• Somerset – Good news from SomersetAlan Gibbons.   “A judge is has postponed library closures in Somerset by upholding an interim injunction put forward by campaigners. The next stage of the legal battle is on September 27th.” See also Injunction granted to postpone library cuts in SomersetCampaigner John Irven from Watchet said: “We’re really pleased. We’ve worked very, very hard and we’ve had tremendous support from all the different library groups around Somerset and various other people.”
  • Somerset – Union’s protest urges Somerset County Council to resume talksThis is Somerset.  Staff working to rule over “slashed redundancy packages”.  Unison has “asked for reassurances that volunteers being called in to help at some libraries would not be doing work properly carried out by professional library staff.”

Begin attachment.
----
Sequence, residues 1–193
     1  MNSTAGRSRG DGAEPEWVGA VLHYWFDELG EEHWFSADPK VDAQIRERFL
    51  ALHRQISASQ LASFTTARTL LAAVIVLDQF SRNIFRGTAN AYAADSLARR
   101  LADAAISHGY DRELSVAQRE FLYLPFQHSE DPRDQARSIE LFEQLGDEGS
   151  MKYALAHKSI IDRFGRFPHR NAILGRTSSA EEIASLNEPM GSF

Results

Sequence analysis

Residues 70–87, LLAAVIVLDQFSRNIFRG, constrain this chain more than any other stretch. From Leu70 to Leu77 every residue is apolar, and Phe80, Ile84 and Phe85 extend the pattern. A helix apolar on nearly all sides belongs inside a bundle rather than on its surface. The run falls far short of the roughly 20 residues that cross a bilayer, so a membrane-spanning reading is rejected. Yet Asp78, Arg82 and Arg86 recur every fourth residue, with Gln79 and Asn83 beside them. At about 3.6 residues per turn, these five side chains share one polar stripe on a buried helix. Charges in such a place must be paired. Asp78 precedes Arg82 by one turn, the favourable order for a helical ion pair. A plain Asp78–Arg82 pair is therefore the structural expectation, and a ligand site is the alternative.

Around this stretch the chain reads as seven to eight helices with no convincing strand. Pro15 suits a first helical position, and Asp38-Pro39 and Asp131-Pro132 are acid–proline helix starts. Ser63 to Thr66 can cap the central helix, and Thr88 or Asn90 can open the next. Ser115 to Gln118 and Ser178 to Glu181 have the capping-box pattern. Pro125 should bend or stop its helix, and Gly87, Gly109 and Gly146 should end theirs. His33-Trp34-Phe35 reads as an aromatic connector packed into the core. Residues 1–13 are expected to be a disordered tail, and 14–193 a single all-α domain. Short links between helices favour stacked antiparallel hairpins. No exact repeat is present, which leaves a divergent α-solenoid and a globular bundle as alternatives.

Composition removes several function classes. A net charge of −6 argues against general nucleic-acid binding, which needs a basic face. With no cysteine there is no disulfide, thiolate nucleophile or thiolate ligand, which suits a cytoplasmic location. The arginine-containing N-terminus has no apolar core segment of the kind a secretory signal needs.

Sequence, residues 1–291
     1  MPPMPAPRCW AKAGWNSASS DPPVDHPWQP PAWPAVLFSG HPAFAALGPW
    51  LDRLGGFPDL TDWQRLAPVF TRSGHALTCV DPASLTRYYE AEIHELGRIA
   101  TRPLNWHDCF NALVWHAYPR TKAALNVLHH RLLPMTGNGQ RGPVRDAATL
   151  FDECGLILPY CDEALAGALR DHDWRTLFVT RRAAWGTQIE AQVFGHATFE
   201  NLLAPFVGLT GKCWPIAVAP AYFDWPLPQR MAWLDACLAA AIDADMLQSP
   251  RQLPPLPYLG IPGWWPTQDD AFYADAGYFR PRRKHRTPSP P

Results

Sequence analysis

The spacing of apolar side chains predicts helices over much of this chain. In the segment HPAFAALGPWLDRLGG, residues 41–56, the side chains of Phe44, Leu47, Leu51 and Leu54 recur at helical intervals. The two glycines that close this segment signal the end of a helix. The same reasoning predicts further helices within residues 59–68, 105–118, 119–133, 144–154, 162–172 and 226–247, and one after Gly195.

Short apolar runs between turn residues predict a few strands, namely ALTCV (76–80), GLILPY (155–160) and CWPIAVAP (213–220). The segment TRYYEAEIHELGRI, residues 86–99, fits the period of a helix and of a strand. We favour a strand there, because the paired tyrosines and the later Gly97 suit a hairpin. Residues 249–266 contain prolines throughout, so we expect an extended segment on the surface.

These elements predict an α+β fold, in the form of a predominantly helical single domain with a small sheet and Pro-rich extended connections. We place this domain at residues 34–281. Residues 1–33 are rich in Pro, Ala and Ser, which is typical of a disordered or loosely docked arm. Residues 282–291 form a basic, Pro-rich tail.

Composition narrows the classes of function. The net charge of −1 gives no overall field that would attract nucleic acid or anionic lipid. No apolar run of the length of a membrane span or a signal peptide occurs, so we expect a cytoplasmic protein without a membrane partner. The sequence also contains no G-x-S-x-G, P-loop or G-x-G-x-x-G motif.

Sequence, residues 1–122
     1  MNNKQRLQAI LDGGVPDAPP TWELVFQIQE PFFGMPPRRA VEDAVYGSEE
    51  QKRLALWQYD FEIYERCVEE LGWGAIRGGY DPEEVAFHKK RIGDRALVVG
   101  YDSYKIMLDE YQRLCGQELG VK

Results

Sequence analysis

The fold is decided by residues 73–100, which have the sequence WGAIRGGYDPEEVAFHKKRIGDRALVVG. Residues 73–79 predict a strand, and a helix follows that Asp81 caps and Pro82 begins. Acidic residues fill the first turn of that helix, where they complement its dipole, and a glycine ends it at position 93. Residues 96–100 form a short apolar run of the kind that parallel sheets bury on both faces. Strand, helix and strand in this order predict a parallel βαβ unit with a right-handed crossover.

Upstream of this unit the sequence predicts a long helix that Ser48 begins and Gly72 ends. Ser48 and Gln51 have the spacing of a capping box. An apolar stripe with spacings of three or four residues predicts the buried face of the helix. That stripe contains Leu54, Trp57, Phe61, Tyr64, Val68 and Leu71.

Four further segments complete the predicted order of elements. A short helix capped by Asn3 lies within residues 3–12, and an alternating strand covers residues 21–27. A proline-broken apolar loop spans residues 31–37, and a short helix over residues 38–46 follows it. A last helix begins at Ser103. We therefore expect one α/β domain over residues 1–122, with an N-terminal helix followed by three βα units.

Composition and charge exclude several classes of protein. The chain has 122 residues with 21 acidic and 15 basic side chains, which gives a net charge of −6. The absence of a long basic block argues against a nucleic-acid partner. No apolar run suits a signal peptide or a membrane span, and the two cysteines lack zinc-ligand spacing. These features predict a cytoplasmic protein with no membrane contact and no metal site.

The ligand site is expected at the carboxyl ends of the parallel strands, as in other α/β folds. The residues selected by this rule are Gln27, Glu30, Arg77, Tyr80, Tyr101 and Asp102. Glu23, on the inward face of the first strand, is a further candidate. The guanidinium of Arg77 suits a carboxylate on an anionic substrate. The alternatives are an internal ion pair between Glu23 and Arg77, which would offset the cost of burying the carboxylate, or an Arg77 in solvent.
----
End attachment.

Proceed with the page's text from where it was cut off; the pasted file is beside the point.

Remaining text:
• Wakefield – Half of Wakefield libraries at risk – Yorkshire Evening Post.  ““We have already spent a lot of time talking to people about libraries and what they want and it is clear that the service we currently provide is not what people want. We know that people are not satisfied with the quality of some library buildings, or with the quality and range of the books. And since 1992 more than four out of every 10 library users have stopped going into libraries.” 
  • Warwickshire – Should someone in Warwickshire launch a legal challenge to save 16 libraries? – What’s in Kenilworth.   “Let me make it very clear, I am taking nothing away from the dedicated and hard work that every Community Group is putting in to save their local library. My point is simply that they should not have to.”
  • Wigan – Action group set up Atherton fightThis is Lancashire.  “Campaigners are preparing to get a court injunction to prevent the closure of Atherton Library… Already 4,000 people have signed a petition to keep the library open and the group has handed-out free T shirts bearing the legend Save Atherton Library and Our Community which were gifted to the group by an anonymous benefactor.”